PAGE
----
Except they are not. The Obama Administration keeps talking at us like its 1998 and we can have a “green” jobs program and national health insurance and “cap and trade” legislation and $250 million criminal proceedings for homicidal Islamic psychopaths in downtown Manhattan. We don’t have $250 million for the KSM trial in Manhattan. Everybody knows that except, apparently, the Obama Administration.

Bingo. Almost every industry and sector of society has been going through wrenching changes in the past two years, and sometimes for quite a few years before that:  print media, the television networks, the auto industry, the music industry, publishing, both residential and commercial real estate, the energy sector, etc. And yet there’s one area where it’s been business as usual, or perhaps even a time of growth and expansion. As Rich notes, “It used to be said that the Great Depression wasn’t so bad, if you had a job. The Great Recession has practically been a boom, if you have a government job.”

It’s not sustainable. Of course, as I said earlier this month, “unsustainable is the new normal.” We’re having a reckoning, but President Obama isn’t all that interested in it; he wants to believe that a full, thriving economic recovery, along with rejuvenated tax revenues, is just around the corner.

I’m willing to bet that Walter Russell Mead’s grocery list is full of fascinating historical allusions, but he’s hit some similar notes in a few lengthy posts about what he calls “the blue beast” – a social model that defined our country for much of the last century, based upon large, stable entities – unionized oligarchies, big corporations, an ever-growing civil service, lifetime employment, etc. But that era has come to an end, and much of our political debate in the past decades is about trying to artificially extend the lifespan of the blue system by taking from the non-blue parts, or moving on to some other way of doing things:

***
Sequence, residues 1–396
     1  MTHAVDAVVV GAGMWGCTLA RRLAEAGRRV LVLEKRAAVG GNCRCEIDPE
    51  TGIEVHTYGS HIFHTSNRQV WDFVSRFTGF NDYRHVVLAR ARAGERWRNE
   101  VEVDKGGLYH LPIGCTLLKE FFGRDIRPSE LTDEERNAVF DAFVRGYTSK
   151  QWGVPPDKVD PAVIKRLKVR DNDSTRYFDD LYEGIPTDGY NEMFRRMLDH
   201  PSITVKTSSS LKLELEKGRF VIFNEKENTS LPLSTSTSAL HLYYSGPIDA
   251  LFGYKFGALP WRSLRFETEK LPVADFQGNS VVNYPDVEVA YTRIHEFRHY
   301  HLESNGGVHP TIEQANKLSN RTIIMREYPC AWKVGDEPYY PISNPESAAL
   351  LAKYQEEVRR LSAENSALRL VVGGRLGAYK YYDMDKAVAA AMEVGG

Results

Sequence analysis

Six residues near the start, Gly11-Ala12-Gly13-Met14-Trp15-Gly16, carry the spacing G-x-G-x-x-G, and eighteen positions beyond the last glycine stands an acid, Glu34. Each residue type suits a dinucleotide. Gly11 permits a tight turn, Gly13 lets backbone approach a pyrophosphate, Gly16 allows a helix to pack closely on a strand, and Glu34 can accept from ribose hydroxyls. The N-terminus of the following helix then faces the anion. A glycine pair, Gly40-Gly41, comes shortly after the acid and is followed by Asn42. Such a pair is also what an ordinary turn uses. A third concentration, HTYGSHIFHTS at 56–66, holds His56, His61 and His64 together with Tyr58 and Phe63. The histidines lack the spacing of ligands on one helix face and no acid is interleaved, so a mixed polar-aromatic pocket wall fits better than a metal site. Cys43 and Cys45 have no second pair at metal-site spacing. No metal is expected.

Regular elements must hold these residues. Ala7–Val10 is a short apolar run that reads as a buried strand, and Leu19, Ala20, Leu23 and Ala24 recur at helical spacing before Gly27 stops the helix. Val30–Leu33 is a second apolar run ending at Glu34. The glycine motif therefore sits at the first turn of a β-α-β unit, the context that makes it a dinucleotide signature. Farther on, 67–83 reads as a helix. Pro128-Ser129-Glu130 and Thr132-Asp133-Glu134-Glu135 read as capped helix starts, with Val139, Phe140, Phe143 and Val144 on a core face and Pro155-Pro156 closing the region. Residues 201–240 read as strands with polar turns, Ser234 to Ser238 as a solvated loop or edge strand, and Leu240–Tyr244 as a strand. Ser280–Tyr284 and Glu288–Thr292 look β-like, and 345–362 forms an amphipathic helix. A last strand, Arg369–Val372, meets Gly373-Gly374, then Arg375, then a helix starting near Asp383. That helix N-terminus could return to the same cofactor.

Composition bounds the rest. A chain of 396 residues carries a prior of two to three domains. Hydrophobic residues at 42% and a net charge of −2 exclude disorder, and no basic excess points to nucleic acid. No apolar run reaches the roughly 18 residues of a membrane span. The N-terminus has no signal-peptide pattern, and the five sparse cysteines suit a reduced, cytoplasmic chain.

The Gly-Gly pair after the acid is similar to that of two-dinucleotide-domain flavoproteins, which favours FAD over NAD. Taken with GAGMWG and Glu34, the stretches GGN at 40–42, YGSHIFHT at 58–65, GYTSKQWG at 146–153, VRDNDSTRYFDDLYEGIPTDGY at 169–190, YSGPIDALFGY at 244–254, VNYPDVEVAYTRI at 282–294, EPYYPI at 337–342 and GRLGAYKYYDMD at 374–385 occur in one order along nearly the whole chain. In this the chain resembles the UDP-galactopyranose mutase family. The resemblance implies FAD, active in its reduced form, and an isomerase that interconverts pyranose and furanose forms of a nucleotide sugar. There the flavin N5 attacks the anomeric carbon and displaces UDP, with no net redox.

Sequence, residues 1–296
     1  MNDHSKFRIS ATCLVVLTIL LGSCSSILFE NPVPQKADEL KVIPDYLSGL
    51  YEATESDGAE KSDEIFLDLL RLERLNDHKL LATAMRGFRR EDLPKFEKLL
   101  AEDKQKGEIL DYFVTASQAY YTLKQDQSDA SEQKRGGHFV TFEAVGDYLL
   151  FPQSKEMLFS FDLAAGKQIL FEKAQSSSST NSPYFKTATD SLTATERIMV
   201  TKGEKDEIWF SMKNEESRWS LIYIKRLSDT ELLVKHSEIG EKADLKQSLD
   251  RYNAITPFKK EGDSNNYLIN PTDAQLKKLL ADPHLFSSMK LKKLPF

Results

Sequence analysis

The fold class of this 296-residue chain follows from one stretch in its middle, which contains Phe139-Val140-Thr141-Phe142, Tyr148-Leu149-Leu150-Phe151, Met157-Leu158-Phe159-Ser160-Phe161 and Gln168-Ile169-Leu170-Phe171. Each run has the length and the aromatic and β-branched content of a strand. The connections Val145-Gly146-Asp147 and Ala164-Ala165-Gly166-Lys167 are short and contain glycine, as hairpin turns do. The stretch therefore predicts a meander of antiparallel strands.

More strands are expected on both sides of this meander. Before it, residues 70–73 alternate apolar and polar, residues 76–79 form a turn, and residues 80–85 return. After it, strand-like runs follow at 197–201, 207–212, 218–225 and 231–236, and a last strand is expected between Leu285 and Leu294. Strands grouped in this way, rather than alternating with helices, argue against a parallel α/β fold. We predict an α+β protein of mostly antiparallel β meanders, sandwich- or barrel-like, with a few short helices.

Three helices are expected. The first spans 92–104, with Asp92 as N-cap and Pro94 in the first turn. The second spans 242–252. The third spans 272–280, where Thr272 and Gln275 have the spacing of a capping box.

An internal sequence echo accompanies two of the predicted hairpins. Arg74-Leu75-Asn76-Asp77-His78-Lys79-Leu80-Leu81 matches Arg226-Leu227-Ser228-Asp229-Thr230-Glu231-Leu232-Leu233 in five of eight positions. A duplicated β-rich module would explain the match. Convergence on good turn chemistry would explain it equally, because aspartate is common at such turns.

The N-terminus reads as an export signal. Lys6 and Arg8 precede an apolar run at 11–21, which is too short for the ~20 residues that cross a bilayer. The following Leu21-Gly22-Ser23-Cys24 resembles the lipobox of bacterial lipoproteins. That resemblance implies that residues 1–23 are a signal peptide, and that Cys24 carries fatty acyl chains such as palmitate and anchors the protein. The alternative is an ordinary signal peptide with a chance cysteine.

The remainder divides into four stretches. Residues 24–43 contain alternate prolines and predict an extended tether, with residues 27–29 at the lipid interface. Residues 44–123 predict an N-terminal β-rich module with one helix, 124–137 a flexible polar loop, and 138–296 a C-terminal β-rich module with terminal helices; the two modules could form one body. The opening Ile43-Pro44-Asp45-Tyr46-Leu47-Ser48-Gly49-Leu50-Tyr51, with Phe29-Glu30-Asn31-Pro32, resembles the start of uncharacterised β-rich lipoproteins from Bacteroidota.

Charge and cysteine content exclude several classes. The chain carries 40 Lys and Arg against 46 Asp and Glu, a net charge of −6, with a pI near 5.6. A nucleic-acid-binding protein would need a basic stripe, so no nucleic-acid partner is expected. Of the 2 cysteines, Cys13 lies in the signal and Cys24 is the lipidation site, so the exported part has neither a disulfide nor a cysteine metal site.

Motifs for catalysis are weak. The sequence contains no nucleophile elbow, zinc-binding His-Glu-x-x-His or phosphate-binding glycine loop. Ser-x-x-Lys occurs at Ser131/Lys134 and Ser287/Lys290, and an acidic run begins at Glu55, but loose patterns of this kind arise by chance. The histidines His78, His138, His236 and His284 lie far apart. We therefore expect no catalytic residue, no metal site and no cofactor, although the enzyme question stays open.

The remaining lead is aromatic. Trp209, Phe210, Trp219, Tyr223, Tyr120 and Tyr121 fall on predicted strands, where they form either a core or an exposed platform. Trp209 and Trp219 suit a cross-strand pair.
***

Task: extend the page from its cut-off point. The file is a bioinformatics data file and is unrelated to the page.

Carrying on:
Democratic policy is increasingly limited to one goal: feeding the blue beast. The great public-service providing institutions of our society – schools, universities, the health system, and above all government at municipal, state and federal levels – are built blue and think blue. The Democratic wing of the Democratic Party thinks its job is to make them bigger and keep them blue. Bringing the long green to Big Blue: that’s what it’s all about.

Three problems: we can’t afford it, people know that, and we desperately need the things that Big Blue can’t give us.